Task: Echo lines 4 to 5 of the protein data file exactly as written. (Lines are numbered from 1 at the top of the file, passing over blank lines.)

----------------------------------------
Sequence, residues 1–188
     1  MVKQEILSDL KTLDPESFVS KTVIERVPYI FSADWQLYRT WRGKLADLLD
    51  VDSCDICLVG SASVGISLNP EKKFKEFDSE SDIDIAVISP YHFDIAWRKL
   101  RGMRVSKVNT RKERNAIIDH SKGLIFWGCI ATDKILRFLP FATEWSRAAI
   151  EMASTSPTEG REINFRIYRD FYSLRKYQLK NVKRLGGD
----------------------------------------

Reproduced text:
   101  RGMRVSKVNT RKERNAIIDH SKGLIFWGCI ATDKILRFLP FATEWSRAAI
   151  EMASTSPTEG REINFRIYRD FYSLRKYQLK NVKRLGGD